The firestorm that erupted within the Democratic Labour Party (DLP) after party leader Freundel Stuart suddenly cancelled today’s lunchtime lecture is not entirely surprising.
It is only natural that a party which suffered such structural damage, as the DLP did in the May 24 general election, will show signs of atrophy.
To borrow a famous quote by the British actor Michael Caine in the 1969 comedy caper film, The Italian Job, the Barbados Labour Party (BLP) was “only supposed to blow the bloody doors off”. Instead, it blew the DLP to bits, and now, the party that led the country from 2008 until this year, the party that led this country into independence, the proud party of Errol Barrow, Cameron Tudor, Frederick Sleepy Smith and Astor Watts is cannibalizing itself as it engages in a bloody a civil war that will do it no good.
“We have been doing that lunchtime lecture on Friday for years and if he [Stuart] had any grievance, he should have consulted with me before making the suggestion which he made last [Wednesday] night,” an angry Mr Watts told Barbados TODAY last evening of the decision by Mr Stuart to call off, at the last minute, the lecture named in Watts’ honour.
“I am going over there tomorrow [today] because I am not a fly-by-night, I was properly brought up . . . .If he [Stuart] does not know right from wrong then he will go to hell. That is where he belongs.”
This might just be the beginning of a lengthy psychodrama playing out at George Street.
We do not know why the decision was taken – Mr Stuart had earlier met with the party’s executive council – but the lecture series was cancelled until after the election of a new executive.
We also may never know if the fact that former Minister of Commerce Donville Inniss was the one due to deliver the presentation influenced the decision.
However, whether by design or inadvertently, the outgoing DLP president finally found a way to muzzle his ex minister.
For years Mr Inniss was the frontrunner in a campaign of ‘I dare you to fire me, Prime Minister’. He arrogated to himself the right to carp, criticize, and condemn the man at whose pleasure he served. There were times when he would all but ridicule Mr Stuart’s leadership style, and denounce some of his decisions. As the general election drew nearer he acted the part of the conscience of the DLP, often in a vacuous and fanciful performance, but without a doctrine.
Through it all Mr Stuart remained quiet, as the rules of collective responsibility were thrown out the window and the then Prime Minister’s malaise paralyzed the administration, while the nation became an unwilling hostage.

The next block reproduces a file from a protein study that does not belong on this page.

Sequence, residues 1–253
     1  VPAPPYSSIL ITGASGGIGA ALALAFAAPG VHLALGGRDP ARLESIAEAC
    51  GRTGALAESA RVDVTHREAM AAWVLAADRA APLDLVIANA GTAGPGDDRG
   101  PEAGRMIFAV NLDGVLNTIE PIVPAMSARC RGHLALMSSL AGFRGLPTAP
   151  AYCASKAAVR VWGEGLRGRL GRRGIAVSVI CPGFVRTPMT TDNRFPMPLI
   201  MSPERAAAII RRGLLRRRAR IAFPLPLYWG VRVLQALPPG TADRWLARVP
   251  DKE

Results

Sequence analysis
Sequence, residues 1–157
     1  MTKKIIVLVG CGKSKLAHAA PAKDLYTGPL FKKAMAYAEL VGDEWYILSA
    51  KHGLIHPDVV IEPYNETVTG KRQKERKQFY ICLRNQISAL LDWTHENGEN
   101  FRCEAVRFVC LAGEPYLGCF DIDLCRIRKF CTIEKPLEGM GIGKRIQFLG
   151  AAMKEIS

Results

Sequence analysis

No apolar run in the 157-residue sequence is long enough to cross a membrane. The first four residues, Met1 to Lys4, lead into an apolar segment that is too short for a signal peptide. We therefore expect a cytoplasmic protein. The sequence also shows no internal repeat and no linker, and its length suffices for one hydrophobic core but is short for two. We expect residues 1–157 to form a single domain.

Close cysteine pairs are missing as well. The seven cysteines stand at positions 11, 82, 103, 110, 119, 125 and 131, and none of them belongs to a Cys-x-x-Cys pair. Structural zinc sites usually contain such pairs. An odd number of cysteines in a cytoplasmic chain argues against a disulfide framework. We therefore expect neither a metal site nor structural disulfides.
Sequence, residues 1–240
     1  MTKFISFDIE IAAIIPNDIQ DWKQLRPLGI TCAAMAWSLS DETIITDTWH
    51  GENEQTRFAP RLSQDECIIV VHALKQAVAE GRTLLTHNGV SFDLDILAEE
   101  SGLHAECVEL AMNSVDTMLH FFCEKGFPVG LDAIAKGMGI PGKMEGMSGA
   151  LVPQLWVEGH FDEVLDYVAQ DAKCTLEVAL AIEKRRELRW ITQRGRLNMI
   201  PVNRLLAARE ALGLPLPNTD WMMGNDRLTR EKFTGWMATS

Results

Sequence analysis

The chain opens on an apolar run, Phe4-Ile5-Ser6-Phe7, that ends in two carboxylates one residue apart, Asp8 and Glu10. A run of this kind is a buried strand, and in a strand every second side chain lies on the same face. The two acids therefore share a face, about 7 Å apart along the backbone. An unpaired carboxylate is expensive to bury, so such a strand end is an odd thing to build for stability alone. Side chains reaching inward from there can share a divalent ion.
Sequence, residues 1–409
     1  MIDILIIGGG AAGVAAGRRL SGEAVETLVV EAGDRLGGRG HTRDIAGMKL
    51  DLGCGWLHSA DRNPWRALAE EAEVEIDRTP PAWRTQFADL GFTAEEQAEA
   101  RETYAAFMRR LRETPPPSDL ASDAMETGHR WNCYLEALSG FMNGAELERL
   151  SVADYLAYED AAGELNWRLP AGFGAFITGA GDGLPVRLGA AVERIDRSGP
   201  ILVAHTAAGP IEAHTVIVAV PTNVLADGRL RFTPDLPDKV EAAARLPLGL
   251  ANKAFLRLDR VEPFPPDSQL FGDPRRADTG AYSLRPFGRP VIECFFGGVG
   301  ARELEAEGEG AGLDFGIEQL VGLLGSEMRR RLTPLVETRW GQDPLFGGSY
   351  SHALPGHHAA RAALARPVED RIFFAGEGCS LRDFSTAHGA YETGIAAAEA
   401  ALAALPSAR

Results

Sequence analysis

With all that was happening we might not have noticed, but, upon reflection, the civil war had already begun, and we all became collateral damage.
In the end, the DLP lost what it stood for. As Rodney Grant, who once was seen as one of its brightest prospects before becoming yet another casualty of the election sweep, said, the party had lost its soul and had moved away from the principles established by its founding father.
It was once the party of free education, it ceded that to the BLP. It used to be the party of the labour movement, it passed that onto the BLP as well. It was once the party of the poor and working class; that too, it gave up. No wonder one of its stalwarts, the former Member of Parliament for St Michael South East Hamilton Lashley, wants it to take on a new image, a new look, a new philosophy.
“I don’t believe that Barbadians want to see the demise of the Democratic Labour Party, but it has to be a new look party. There is absolutely nothing wrong with rebranding with a new reinvigorated policy. We cannot live in the past. There is nothing wrong with the DLP rebranding and calling itself the New Democratic Labour Party,” Mr Lashley told Barbados TODAY in an recent interview.
He also said none of the 30 candidates who contested the last election, including his protégé Grant, had the moral authority to speak on any current issues. This is as telling a position as any DLP stalwart could take.
Right now the party is limping, sadly so, because it is such a Barbadian institution. It is rudderless, leaderless and riven, and badly in need of a young, dynamic and untainted leader to plot its revival and make it relevant again.
But this will not happen if it continues this welter of bloody infighting.